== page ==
Are Retirees Quietly Rejoining the Workforce?
- Human Resources
- 3 min. Read
- Last Updated: 02/07/2023
It’s been a tough few years economically in the U.S. The pandemic and inflation have upended peoples’ lives physically, mentally, and financially, making retirement seem even more like an improbable dream than before for many young people. As a result, some are adjusting their retirement goals.
But how is all of that affecting people who have already retired? To find out how many retirees are rejoining the workforce and what the experience is like for them and their employers, we surveyed 930 American employees, current and former retirees, and 206 hiring managers about their feelings on the matter.
- 1 in 6 retirees are considering returning to work, and 53% want remote positions.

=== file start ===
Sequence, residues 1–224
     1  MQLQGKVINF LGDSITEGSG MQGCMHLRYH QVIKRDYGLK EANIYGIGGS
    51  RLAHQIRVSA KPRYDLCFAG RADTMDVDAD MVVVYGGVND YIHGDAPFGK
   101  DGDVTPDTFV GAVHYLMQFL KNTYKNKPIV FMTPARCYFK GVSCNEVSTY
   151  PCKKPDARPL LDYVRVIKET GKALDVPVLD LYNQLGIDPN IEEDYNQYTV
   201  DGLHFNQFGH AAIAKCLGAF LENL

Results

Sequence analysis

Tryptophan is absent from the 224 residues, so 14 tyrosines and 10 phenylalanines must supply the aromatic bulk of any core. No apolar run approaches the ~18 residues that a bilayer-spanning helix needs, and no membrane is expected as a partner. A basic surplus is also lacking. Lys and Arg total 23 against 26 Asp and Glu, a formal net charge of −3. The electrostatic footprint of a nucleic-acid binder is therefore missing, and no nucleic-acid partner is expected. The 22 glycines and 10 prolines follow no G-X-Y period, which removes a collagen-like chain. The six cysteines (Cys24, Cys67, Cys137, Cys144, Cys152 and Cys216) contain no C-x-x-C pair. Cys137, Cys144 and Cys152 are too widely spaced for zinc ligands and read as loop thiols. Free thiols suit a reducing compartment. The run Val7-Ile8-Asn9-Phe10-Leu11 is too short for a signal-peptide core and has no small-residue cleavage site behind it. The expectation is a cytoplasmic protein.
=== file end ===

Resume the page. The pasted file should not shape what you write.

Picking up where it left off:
- 55% of retirees went back to work because they needed more money.
- 74% of returned retirees feel judged by co-workers because of their age.
- 62% of hiring managers are skeptical about hiring retirees.
Among those we surveyed, one in six retirees are considering returning to work after being out of the workforce for an average of four years. With so many preferring to work from home these days, it’s no surprise that more than half of our retired respondents would look for remote work (53%), 27% want a hybrid situation, and only 20% would seek an office job.
Most would want to work full-time (65%) instead of part-time (35%). This could be due to a need for more money — the reason cited by 53% of respondents. But nearly as many are thinking of going back to work because they’re bored (52%).
Boredom is understandable, especially for those who went from working 40 hours per week to not working at all. For the same reason, it’s not surprising that loneliness was the reason that 43% of retirees are considering working again. But the same number are also doing so because they’re concerned about inflation.